Cheer up. That’s the message from world-renowned editor Ulrik Haagerup, who says the persistent negativity bias in Australian media is costing them trust and audiences.
Haagerup, who is the Danish founder of the ‘[constructive journalism](https://constructiveinstitute.org/)’ movement, addressed a collection of senior Australian editors and others at a Judith Neilson Institute event on Tuesday.
![Ulrik Haagerup addresses the Judith Nielsen Insitute (Photo: JNI)](/uploads/ulrikhaagerup.png “Ulrik Haagerup addresses the Judith Nielsen Insitute (Photo: JNI)”)
A former newspaper editor and TV news executive in his home country, he was quick to say that constructive journalism is not about the “nice and cute”, nor is it soft news that ignores society’s problems.
“Constructive journalism is calm in tone, being less focused on scandals, conflicts and outrage. It reports on important societal issues, setting them in the bigger picture and in their relevant context,” the Institute’s website reads.
![A Constructive Journalism summary from the institute’s website](/uploads/screen-shot-2020-03-12-at-3.48.08-pm.png “A Constructive Journalism summary from the institute’s website”)
Last year, the global Reuters Institute report found that [Australians were the lightest news consumers](https://www.streem.com.au/2019/08/14/distrust-and-negativity-turning-off-australian-news-audiences.html) out of 38 countries surveyed, and that trust in the country’s news media was shrinking at the same time as news avoidance was growing.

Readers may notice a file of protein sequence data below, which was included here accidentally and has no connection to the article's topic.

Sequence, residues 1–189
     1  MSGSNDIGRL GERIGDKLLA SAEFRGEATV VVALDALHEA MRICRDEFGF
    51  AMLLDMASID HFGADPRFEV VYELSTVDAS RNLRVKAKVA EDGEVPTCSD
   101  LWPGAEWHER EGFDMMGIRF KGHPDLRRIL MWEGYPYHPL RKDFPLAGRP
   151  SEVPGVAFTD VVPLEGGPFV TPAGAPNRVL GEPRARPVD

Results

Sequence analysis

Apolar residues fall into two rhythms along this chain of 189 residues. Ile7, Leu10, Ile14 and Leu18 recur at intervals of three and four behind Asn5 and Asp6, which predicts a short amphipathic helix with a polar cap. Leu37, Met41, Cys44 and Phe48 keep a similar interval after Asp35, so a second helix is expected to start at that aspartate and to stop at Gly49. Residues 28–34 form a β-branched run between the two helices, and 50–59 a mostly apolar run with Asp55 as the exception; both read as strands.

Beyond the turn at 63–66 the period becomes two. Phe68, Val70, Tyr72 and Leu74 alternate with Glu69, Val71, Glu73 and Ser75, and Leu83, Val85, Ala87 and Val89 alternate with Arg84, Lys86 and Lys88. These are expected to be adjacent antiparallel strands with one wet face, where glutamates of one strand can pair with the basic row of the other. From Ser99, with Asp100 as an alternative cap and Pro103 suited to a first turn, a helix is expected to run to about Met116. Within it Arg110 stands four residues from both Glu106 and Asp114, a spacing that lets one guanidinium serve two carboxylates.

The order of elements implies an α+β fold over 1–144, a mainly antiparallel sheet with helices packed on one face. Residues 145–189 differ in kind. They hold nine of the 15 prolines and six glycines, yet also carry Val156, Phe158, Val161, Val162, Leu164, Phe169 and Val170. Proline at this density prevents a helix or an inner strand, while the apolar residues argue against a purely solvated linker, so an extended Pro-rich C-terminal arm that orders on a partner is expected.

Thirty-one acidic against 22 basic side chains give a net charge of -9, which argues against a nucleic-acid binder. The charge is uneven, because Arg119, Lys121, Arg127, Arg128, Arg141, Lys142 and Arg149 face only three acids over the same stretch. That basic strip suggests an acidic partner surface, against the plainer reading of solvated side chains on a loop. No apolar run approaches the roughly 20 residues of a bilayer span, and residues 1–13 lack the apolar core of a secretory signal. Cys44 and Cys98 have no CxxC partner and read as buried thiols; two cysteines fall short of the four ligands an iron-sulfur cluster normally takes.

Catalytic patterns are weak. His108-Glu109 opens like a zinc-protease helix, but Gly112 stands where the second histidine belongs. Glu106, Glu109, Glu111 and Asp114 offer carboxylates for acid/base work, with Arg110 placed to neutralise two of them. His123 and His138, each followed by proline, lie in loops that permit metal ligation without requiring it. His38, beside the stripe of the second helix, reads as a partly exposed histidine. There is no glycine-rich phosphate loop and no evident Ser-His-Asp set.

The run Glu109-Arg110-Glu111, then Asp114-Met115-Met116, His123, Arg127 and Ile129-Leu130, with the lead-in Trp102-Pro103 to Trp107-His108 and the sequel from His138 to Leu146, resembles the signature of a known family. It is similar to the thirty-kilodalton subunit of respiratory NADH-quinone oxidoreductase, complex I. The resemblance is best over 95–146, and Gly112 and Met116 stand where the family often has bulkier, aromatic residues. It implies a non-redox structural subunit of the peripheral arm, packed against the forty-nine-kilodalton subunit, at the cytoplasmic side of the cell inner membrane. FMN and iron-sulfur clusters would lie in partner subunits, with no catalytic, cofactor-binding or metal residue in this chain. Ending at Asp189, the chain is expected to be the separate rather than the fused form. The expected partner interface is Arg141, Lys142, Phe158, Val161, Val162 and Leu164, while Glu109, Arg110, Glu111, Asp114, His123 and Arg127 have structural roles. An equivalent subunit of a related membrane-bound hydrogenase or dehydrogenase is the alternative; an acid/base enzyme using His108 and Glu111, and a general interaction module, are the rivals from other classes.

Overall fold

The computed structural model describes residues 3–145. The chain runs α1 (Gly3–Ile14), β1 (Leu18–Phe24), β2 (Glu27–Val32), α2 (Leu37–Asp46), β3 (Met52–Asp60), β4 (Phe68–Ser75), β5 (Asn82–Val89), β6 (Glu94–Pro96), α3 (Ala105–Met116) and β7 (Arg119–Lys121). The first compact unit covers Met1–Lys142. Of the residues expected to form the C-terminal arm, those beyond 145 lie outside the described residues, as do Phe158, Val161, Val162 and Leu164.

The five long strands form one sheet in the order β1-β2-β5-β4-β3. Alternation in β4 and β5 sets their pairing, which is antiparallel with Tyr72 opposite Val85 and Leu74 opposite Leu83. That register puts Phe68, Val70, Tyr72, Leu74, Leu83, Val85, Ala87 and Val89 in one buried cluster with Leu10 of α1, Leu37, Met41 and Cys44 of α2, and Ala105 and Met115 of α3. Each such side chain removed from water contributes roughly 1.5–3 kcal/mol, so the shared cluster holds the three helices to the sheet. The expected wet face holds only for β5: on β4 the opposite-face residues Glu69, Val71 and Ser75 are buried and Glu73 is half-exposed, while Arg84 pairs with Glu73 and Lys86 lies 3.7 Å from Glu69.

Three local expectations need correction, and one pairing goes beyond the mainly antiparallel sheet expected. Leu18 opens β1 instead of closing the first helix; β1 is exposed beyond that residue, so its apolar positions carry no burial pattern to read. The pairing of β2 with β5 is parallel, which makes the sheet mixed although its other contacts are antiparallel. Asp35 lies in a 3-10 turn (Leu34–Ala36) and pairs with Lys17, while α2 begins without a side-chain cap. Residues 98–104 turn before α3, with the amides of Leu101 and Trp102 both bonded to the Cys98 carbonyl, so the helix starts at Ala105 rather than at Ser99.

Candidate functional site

Haagerup said the relentless negativity embedded in journalistic culture globally was making audiences anxious and ultimately discouraged them from engaging with news.
That’s what motivated him to establish the [Constructive Institute](https://constructiveinstitute.org/) three years ago to encourage and train journalists to take a different approach.
It teaches the use of a calmer tone on negative stories, while also devoting resources to the often positive responses to social ills.
Data from Streem, presented on the day, showed how reporting on domestic violence policy, research, funding or programs over three months received just 5 per cent as much media attention as the Camp Hill murders of Hannah Clarke and her children did in one week.
Haagerup said while journalists were frustrated with the evasiveness and ‘spin’ of politicians or big companies, the practice had developed as a response to the combative style of questioning and coverage.
He quoted famed Watergate reporter Carl Bernstein as saying, “Journalism is the best obtainable version of the truth”.
“The aim of constructive journalism is to provide its audiences with the best obtainable version of the truth, whether positive or negative,” Haagerup said.
– Conal Hanna
An introduction to Constructive Journalism can be found here: